Is the belugas immune system still intact?
Many chemical pollutants, including organochlorines, can weaken the immune system. As a logical follow-up to the pathologies observed in the necropsy room, scientists hypothesized that toxic chemicals present in the belugas might have compromised their immune system and directly caused some of the lesions endangering their health or survival.
To go through the looking glass
Lymphocytes are blood cells that play an important role in the immune system. These cells were extracted from samples taken from Arctic belugas and prepared as cell cultures, which were then exposed to different pollutants. Their efficiency was put to the test under the microscope.
When exposed to organochlorine concentrations comparable to those measured in St. Lawrence beluga tissues, these cells were not as efficient in performing their normal function. In 1996, an attempt was made to capture and temporarily hold a number of belugas in the St. Lawrence in order to obtain blood samples and to compare the efficiency of their immune cells with those of Arctic belugas. Unfortunately, field captures were unsuccessful and these questions remain unanswered.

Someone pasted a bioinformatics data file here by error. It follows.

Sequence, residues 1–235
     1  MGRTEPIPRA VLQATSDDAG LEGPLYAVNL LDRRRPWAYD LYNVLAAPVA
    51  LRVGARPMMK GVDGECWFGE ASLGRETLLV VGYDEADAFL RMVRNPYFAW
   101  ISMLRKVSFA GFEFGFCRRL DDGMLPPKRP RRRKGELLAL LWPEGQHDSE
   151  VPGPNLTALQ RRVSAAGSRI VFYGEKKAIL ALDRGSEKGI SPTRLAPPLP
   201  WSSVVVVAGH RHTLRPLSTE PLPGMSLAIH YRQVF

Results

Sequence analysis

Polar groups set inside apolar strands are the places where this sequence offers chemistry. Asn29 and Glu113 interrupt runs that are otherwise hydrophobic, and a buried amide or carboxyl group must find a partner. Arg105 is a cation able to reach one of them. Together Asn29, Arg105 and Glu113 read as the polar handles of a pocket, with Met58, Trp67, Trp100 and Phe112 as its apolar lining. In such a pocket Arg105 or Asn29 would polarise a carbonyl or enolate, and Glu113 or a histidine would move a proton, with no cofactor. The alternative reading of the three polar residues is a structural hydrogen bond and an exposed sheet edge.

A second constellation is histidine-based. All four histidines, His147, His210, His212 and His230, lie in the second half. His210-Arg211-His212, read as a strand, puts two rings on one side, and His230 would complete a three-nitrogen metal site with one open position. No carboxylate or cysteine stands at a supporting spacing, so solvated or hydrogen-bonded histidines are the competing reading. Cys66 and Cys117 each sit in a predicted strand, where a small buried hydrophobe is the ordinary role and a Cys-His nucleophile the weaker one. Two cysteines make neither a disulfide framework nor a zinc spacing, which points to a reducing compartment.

Pierre Béland SLNIE, Michel Fournier and Sylvain Deguise, group at Université du Québec in Montréal, in collaboration with Université de Montréal, Environment Canada and the Department of Fisheries and Oceans Canada.
United States Environmental Protection Agency, Medical Research Council of Canada, Natural Science & Engineering Research Council of Canada (NSERC), Canadian Wildlife Toxicology Network, Wildlife Toxicology Fund, Corporation des Médecins Vétérinaires du Québec, World Wildlife Fund Canada, World Wildlife Fund USA, Montréal Biodome, Shedd Aquarium of Chicago.
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